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Freefall, Brian LuttermanWritten by Brian Lutterman — Pen Wilkinson has appeared in two previous books in this contemporary amateur sleuth series, and author Brian Lutterman gets points for creating a protagonist who uses a wheelchair. Pen works in the US Attorney’s office in Los Angeles, so does have solid contacts in law enforcement and strings she can pull when she needs investigatory assistance, but everyday issues are a challenge. Lutterman acknowledges the practical aspects of her disability – say, when she can’t reach a pair of scissors on the kitchen counter or has to disassemble her wheelchair to fit it into a rental car – as well as its impact on her relationships with other people.

Pen lost her mobility as an adult, the result of a car accident, so is acutely aware of how people treat her differently than before – their slight hesitation before shaking hands, their awkwardness when they need to help her, their treating her almost as if she had a contagious condition. Fine, empathetic work. Pen is a get-on-with-it kind of gal and, at least in this novel, has come to terms with her situation and is clever with work-arounds.

Pen was driving when the accident occurred, and her sister’s young daughter was killed. It’s a tragedy Pen will never fully recover from. Although she was not held responsible for the accident, she still blames herself. And so, apparently, does the girl’s mother, Pen’s older sister Marsha. The rupture between them has brought to the surface Marsha’s longstanding resentment of Pen, and guilt over her resentment has led to hostility. But now Marsha needs Pen.

Marsha is a labour and delivery nurse, living in Tampa. About a year before the book begins, Marsha’s son Kenny, a computer prodigy, left Marsha’s home to live with his father and stepmother. He then convinced them to move to Minneapolis. Why people would leave sunny Florida for the notorious icy winters of Minnesota, Marsha can’t understand and no one has adequately explained. That’s mildly unsettling, though what has her worried at the book’s outset is that Kenny has gone missing.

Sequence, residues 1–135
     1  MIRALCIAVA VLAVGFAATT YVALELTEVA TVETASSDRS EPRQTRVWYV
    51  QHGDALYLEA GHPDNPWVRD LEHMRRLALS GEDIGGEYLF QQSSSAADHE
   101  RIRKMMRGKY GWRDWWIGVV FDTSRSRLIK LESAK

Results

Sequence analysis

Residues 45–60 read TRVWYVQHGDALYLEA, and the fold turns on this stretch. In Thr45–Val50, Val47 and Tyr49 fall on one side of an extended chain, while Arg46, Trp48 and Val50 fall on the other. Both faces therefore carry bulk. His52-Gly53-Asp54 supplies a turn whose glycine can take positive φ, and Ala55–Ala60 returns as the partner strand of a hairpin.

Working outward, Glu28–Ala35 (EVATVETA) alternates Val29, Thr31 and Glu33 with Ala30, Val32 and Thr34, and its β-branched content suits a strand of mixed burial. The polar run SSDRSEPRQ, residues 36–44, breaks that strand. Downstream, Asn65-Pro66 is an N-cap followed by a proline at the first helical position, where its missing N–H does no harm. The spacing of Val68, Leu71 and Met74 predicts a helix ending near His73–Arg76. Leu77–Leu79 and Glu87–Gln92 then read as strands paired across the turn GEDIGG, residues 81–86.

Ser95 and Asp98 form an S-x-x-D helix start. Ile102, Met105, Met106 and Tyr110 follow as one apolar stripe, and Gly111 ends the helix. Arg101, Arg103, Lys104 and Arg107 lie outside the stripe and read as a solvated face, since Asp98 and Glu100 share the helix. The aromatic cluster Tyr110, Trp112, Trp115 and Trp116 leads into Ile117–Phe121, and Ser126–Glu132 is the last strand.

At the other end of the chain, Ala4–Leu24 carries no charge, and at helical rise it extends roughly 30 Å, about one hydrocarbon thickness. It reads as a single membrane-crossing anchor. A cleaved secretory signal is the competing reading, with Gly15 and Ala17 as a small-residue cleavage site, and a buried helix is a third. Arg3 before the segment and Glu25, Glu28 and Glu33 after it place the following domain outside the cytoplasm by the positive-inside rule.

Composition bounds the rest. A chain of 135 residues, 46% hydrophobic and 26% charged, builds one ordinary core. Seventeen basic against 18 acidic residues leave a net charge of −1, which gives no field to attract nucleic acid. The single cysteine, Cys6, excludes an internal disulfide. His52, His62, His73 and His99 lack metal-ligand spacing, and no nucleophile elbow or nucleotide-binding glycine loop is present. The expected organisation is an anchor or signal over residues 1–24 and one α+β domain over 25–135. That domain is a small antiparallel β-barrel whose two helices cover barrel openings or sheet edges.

Pen agrees to look into the situation for her. Doing so means managing a difficult law case long-distance, which her boss resents mightily, and enduring the well-meaning concern of her boyfriend James, worried that she keeps entangling herself in risky situations.

The police seem not worried about Kenny’s disappearance, nor is his father terribly concerned. It appears Kenny was doing some programming, which she quickly diagnoses as hacking, for a mysterious person called Z. Z is well known to some of Pen’s old friends in the banking industry and to law enforcement and best known for a string of ransomware exploits, but has been strangely quiet for a year or so. The book takes advantage of the growing appreciation of the vulnerability of systems and institutions to cybercrime, such as described in Chris Brookmyre’s new book Want You Gone, and financial institutions in particular.

This is a multiple point-of-view novel, and you know Z is planning something big. Since Pen’s Minneapolis banker friends have told her about a looming proxy fight for control of a major bank, that seems a juicy target. It seems the cyber disaster being planned could lead to economic chaos. The risks to Kenny are coming from at least two directions, since  Z believes Kenny is expendable and another of his hacker friends back in Tampa is murdered by a highly trained team of mercenaries.

Given the settings he’s chosen – Minnesota and Tampa – Lutterman has considerable opportunity for exploring how such vastly different urban cultures shape people and events, but there’s a feeling this story could have played out just about anywhere, just by renaming the streets and highways the characters drive on.

The novel has a complex plot peopled by members of the Russian mafia, mercenaries, hackers, banking insiders, the FBI and local law enforcement, plus Kenny’s friends and family. Many of them are not behaving as Pen would expect them to. Yet she repeatedly arrives at conclusions without much indication of how she reached them.

If you like cybercrime plots and don’t think too hard about it, Lutterman’s fast-paced story will carry you forward. However, Freefall would greatly benefit from more realistic dialog and less backstory about the mercenaries. The real heart of the book is Pen, Lutterman’s captivating protagonist, dealing with her significant challenges and urgent desire to reconnect her family.

Freefall is out now in the UK and comes out 10 May in the UK. For another disabled detective try Jeffery Deaver’s Lincoln Rhyme series.

Conquill Press

CFL Rating: 3 Stars

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